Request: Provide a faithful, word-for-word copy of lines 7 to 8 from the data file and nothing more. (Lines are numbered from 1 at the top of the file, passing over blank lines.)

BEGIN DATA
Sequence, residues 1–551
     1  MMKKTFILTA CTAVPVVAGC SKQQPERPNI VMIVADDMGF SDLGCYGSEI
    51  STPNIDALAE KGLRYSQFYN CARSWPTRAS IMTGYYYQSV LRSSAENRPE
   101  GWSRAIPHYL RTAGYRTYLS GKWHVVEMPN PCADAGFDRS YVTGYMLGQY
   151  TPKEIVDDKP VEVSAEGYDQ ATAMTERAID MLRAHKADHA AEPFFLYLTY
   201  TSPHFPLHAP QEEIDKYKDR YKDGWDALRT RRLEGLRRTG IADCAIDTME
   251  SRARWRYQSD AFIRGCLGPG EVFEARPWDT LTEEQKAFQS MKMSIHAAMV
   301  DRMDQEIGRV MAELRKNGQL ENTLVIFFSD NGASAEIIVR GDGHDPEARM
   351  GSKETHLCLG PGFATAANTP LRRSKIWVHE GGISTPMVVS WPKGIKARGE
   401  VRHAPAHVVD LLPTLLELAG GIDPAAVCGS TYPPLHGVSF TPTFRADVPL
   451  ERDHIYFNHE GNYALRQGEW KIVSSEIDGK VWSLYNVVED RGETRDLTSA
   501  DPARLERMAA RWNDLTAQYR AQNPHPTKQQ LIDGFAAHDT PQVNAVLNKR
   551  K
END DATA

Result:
   251  SRARWRYQSD AFIRGCLGPG EVFEARPWDT LTEEQKAFQS MKMSIHAAMV
   301  DRMDQEIGRV MAELRKNGQL ENTLVIFFSD NGASAEIIVR GDGHDPEARM